Nous consommions entre 40L et 60L par jour, à 4 (2 adultes et 2 enfants), en moyenne. Avec des filtres qui permettaient de minéraliser l'eau. Effectivement, comme le dit Rob lorsque l'on accueillait des invités, la consommation montait drastiquement, mais nous n'avons jamais manqué d'eau au cours de notre voyage.
J'invite nos lecteurs et visiteurs sur l'Excess Lab à partager leurs retours ainsi que leurs attentes sur ce sujet de production/gestion de l'eau à bord. Hervé et nos équipes du bureau d'étude sont preneurs de vos retours d'expérience sur ce sujet!


Thank you Rob and Cedric for your feedback!

We sailed in the South Pacific with my family for 6 months aboard a catamaran. And we had a watermaker which proved invaluable! Because in Vanuatu and the Solomon Islands, access to water was scarce.
We had a very simple 12V battery-powered watermaker with no electronics, which produced 60L/hour, and a storage capacity of 600L.
On average, 4 of us (2 adults and 2 children) consumed between 40 liters and 60 liters a day. With cartridges to mineralize the water. It's true that, as Rob says, when we welcomed guests, consumption rose drastically, but we never ran out of water during our trip.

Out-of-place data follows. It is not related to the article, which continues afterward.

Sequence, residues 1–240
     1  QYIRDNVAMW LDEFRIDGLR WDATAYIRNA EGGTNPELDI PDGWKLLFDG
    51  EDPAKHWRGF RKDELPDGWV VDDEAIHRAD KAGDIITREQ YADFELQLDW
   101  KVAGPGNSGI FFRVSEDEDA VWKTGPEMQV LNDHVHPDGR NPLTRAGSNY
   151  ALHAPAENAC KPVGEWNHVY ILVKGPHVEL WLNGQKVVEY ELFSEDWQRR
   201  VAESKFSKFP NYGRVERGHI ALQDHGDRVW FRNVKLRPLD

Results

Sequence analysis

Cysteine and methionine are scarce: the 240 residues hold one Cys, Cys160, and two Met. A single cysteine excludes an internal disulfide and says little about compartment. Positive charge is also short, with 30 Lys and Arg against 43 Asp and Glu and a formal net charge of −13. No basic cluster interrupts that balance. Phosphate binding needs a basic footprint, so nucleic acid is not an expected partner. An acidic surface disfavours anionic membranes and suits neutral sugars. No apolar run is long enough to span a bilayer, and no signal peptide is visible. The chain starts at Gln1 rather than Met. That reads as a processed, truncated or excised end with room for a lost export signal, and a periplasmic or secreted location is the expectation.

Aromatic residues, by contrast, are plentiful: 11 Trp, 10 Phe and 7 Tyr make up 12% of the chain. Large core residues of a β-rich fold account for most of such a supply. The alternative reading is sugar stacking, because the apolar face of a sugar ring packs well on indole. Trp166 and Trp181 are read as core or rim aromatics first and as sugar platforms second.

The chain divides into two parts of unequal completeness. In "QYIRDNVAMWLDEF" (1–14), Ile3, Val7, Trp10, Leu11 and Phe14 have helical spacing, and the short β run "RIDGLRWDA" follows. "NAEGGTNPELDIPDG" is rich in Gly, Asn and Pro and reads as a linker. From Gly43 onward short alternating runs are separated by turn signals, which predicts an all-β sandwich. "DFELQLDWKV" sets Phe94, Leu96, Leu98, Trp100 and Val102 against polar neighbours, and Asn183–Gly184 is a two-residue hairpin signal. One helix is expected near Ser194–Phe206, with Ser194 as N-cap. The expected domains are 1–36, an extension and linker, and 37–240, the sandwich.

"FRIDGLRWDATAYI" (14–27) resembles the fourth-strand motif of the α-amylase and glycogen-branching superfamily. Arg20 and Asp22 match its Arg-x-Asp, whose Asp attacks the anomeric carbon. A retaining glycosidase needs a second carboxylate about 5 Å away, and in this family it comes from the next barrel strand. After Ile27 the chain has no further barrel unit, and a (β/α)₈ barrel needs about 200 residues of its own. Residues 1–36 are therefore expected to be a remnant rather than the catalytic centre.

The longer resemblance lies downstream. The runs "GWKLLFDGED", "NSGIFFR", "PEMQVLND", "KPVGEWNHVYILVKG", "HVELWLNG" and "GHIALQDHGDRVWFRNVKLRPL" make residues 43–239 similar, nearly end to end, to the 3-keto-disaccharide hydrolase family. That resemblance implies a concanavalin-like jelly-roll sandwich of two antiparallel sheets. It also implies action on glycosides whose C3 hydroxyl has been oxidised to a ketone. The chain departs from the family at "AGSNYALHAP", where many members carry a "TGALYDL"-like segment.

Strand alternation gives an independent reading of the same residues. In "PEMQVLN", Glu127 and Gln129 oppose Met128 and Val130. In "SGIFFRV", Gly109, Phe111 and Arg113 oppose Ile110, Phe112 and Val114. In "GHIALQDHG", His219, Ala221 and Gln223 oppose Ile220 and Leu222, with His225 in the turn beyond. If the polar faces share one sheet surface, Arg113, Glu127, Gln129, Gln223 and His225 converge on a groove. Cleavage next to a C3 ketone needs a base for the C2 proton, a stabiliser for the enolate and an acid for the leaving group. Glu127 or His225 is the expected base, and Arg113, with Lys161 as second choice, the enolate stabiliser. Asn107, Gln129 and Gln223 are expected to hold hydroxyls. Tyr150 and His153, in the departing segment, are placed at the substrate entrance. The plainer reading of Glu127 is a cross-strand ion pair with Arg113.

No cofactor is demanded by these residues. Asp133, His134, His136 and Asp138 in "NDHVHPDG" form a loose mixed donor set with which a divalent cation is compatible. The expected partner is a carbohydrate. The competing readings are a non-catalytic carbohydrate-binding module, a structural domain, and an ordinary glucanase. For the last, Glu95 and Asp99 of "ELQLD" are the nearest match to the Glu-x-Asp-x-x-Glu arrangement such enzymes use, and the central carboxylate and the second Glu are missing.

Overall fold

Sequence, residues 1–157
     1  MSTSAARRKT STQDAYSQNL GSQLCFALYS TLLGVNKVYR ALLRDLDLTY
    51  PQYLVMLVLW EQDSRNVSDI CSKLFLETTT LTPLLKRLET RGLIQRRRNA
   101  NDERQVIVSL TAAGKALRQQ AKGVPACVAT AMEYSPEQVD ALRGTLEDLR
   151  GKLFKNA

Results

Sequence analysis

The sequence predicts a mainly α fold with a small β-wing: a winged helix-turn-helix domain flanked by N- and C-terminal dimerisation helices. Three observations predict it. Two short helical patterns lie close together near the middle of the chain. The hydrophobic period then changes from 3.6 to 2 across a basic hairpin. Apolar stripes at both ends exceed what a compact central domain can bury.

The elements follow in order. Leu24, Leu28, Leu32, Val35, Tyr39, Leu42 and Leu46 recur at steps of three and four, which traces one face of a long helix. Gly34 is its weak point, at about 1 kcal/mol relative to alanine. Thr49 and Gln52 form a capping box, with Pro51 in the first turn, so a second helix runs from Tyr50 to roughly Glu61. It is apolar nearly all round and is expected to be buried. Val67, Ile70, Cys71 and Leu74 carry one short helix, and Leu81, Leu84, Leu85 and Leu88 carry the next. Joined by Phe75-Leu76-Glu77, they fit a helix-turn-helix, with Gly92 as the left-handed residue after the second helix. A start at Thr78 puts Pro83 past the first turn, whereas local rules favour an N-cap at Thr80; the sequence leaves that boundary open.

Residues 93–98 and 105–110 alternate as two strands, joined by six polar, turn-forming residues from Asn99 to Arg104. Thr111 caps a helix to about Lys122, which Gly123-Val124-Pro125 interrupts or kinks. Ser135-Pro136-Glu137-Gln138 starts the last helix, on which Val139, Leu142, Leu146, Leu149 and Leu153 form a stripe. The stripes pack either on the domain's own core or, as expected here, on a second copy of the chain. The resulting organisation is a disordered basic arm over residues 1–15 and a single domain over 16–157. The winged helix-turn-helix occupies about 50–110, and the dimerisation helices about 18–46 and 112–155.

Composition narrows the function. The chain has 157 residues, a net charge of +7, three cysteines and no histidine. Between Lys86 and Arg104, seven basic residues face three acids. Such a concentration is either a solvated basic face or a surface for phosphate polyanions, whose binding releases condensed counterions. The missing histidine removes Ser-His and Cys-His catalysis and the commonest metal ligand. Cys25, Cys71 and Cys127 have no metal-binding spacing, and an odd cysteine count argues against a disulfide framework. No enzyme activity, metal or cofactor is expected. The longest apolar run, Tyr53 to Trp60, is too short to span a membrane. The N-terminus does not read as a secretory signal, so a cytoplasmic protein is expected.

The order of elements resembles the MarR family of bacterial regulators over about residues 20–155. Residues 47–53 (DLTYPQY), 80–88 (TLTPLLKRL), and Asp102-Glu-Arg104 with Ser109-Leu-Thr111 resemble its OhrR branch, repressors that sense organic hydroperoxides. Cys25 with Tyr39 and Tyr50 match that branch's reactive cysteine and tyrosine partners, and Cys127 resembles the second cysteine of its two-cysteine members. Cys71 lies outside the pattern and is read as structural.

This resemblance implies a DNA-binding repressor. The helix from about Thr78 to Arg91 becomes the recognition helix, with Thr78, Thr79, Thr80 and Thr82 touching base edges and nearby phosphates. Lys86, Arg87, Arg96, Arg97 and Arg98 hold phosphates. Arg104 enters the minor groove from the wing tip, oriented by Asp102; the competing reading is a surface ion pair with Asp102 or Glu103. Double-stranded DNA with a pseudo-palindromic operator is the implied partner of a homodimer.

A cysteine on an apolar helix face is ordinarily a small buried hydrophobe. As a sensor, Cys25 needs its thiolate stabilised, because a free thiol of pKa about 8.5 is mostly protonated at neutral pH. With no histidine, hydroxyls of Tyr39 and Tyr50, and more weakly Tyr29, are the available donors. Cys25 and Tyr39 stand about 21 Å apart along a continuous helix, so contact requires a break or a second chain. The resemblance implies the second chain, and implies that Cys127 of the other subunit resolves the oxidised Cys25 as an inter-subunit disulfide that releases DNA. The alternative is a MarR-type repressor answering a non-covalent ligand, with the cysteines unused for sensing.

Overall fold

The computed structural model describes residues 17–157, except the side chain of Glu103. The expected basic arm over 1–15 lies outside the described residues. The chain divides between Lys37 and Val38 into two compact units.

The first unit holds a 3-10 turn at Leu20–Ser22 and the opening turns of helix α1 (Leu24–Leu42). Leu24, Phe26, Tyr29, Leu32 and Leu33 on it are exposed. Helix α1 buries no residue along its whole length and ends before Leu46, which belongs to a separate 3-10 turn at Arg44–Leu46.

I invite our readers and visitors on the Excess Lab to share their feedback and expectations on this topic of onboard water production/management. Hervé and our design office teams welcome your feedback on this subject!

May 19, 2023
Nous sommes 2 adultes et un bébé qui vivons à bord aux Antilles .
On a un dessalinisateur 12/220V 100 L/min et 2x300 L de stockage .

On consomme les 600L sur une semaine sans se restreindre avec petite piscine d eau pour le petit , rinçage du bateau a l eau douce X 1 par semaine ….
Quand on accueil du monde et qu on se retrouve à 6 adultes , c est plus difficile , on consomme alors plutôt 300 L par
Jour minimum …
Avec l ensoleillement des Antilles , on peut faire tourner le dessalinisateur uniquement sur les batteries qui se rechargent via les panneaux sans avoir a recourir aux moteurs: on a donc une eau avec impact écologique excellent !

globalement on la sensation de ne jamais manqué d eau et qu il est facile d en produire à la demande .
April 28, 2023
Nous avons navigué, ma femme, mon fils et moi pendant 10 mois au Antilles. Nous avions un dessalinisateur de 100l heure couplé au moteur et 600 l de réserve d'eau.
A 3 nous consommions en moyenne 60l par jour, soit 1h15 de desal tous les 2 jours.
Dans notre prochain projet je pense que nous opterons pour un desal en 24v avec un gros parc de panneaux solaire et de batteries.
Le plus dur sont les semaines avec la famille et les amis ; les terriens n'ont pas l'habitude de prendre une douche avec 10 litres d'eau ou de faire la vaisselle avec un filet d'eau !